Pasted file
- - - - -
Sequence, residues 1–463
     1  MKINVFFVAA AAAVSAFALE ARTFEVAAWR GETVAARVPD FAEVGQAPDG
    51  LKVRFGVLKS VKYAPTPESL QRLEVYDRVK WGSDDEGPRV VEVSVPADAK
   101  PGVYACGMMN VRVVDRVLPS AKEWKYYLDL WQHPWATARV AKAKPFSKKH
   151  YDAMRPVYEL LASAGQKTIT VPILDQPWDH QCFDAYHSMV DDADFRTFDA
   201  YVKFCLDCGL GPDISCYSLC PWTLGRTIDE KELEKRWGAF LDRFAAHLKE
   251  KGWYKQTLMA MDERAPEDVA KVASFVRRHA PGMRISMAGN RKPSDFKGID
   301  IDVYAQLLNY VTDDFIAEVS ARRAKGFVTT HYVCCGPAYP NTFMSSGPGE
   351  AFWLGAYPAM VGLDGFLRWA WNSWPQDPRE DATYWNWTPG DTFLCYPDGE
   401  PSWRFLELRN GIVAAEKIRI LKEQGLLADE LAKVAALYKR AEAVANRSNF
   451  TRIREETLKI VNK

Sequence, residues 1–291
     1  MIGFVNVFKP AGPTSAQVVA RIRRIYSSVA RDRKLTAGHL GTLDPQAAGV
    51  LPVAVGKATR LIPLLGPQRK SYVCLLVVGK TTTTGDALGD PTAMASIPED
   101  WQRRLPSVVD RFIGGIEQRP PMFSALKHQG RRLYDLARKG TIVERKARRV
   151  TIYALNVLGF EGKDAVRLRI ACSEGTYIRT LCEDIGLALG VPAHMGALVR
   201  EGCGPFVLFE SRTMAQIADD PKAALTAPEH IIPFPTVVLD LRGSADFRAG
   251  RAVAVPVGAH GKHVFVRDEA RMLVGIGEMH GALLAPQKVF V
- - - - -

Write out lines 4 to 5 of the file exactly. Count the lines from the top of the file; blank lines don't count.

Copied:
   101  PGVYACGMMN VRVVDRVLPS AKEWKYYLDL WQHPWATARV AKAKPFSKKH
   151  YDAMRPVYEL LASAGQKTIT VPILDQPWDH QCFDAYHSMV DDADFRTFDA